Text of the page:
GameStop, What Would An Intelligent Investor Do?

With all of the news surrounding the meteoric rise of so-called Meme Stocks, I thought it would be a good idea to ground myself by rereading The Intelligent Investor.

In the first chapter, Benjamin Graham, mentor to Warren Buffett, makes a clear and important delineation between an investment and speculation, warning of the catastrophic impact the latter can have on one’s pocket book.

“Outright speculation is neither illegal, nor immoral, nor (for most people) fattening to the pocket book… And everyone who buys a so-called “hot” common-stock issue, is either speculating or gambling.”

– Benjamin Graham, The Intelligent Investor

It’s tantalizingly easy to fall to the allure of potential high returns when you hear someone making 10,000% on their initial investment from an insanely volatile stock such as GameStop (GME) or the newest popularized item, like bitcoin.

Graham teaches that an intelligent investor looks for potential buy opportunities in companies you are confident in. The financial industry terms it “bullish” when you think a stock will go up and “bearish” when you think a stock will go down. “The intelligent investor realizes that stocks become more risky, not less, as their prices rise… The intelligent investor dreads a bull market, since it makes stocks more costly to buy. And conversely, welcomes a bear market, since it puts stocks back on sale.”

I don’t know about you but, GME being up nearly 2,300% YTD near its peak in January doesn’t sound like a sale or a buying opportunity to me.

Instead of speculating my hard earned money during the GME craze on failing businesses such as GME or AMC, I listened to the book praised by Warren Buffet, the greatest investor of our generation, as “by far the best book on investing ever written” and kept on the lookout for buying opportunities. Many firms were forced to free up capitol to buy GME, or other heavily shorted companies, by selling other stocks. This created a significant dip in stock prices from companies that weren’t making news headlines.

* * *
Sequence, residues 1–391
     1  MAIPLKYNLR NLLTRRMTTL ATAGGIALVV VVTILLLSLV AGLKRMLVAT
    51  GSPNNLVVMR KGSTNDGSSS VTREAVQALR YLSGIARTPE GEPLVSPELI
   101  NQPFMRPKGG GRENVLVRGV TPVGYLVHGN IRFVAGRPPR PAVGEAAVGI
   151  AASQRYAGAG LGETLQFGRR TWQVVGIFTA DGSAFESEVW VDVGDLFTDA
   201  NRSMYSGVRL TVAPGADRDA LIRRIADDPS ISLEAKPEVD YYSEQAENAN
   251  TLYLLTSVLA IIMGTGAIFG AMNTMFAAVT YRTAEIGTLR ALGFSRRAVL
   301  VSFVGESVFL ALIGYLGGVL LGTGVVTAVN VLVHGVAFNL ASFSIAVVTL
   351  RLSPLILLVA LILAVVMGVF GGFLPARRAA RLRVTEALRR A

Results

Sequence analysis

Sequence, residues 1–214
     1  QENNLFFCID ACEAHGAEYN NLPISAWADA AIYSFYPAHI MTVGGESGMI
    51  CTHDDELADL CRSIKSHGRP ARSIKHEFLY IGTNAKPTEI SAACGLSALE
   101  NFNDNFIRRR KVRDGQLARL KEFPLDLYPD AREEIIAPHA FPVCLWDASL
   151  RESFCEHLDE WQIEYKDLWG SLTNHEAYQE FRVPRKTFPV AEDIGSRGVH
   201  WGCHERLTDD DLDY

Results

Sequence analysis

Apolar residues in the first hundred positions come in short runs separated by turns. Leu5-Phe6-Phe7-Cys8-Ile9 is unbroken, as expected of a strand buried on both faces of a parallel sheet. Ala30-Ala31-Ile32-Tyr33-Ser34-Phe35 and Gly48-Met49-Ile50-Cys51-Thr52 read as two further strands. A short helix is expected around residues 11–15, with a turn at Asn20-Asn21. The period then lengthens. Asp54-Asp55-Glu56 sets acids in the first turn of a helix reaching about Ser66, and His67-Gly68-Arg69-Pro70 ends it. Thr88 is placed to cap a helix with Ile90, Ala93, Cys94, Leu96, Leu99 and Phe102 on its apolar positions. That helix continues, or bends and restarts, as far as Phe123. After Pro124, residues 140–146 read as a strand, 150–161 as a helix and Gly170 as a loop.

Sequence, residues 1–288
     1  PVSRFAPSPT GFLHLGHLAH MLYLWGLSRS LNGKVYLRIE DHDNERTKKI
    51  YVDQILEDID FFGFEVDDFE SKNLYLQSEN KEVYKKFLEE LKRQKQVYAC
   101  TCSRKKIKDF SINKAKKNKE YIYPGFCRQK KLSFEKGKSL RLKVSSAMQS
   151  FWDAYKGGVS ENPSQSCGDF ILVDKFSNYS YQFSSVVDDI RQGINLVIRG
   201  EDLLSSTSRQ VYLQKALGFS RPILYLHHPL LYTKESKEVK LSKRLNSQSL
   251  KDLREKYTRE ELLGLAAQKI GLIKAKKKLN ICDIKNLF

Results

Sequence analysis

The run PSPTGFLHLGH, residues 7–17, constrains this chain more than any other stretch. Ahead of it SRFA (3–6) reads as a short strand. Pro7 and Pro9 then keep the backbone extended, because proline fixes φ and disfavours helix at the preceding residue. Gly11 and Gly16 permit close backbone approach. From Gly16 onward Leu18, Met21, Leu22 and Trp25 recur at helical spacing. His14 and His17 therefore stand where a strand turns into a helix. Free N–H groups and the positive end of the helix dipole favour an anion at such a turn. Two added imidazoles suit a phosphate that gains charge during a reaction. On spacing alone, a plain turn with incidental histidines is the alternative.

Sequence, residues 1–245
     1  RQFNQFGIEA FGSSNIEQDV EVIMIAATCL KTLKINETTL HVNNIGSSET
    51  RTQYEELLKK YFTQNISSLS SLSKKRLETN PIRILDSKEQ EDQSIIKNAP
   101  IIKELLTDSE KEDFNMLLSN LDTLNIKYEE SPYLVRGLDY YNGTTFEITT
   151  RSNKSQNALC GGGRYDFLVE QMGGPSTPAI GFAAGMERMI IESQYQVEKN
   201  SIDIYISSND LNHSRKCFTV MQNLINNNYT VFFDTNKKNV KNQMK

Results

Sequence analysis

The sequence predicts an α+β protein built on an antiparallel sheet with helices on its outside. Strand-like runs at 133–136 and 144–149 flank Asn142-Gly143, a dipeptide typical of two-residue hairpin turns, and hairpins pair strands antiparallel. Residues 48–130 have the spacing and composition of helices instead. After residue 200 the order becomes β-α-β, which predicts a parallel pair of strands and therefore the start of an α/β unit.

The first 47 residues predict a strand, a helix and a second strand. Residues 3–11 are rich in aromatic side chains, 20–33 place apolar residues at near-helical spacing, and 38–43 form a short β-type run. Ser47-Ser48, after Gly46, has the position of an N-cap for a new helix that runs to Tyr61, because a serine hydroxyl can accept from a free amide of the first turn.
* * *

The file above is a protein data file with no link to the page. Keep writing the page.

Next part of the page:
The S&P 500 sat at around 3860 points as of January 26th, the day before GME hit the news headlines and fell to 3700 points only 3 days later on January 29th. This dip was the green light for me to invest the cash reserves I had saved into some stocks I had on my watchlist that I was bullish on long-term. As of writing this article on February 8th the S&P 500 has recovered and risen to 3907 points while GME went from $483 a share at its peak to hovering around the $60 mark or an 87% decrease. The S&P increase may not seem all too significant but if you invested $10,000 on January 29th within a week you are looking at a healthy $525 increase on your initial investment.

My takeaway from experiencing the latest hysterics from Wall Street is unless you’re doing your due diligence and researching in great detail or running complicated algorithms the best practice of an intelligent investor is to leave the speculation to the professionals, or the ones waiting for their account balance to be wiped out in one fell swoop. Instead, as an intelligent investor, it’s best to decide to buy stocks based on their long term potential, not sporadic and unpredictable rises.

For other sound finance principles, here are 3 essential reads for your financial literacy education.

**This is a guest post by Connor Chew for The Finance Project.

Photo by Clay Banks on Unsplash

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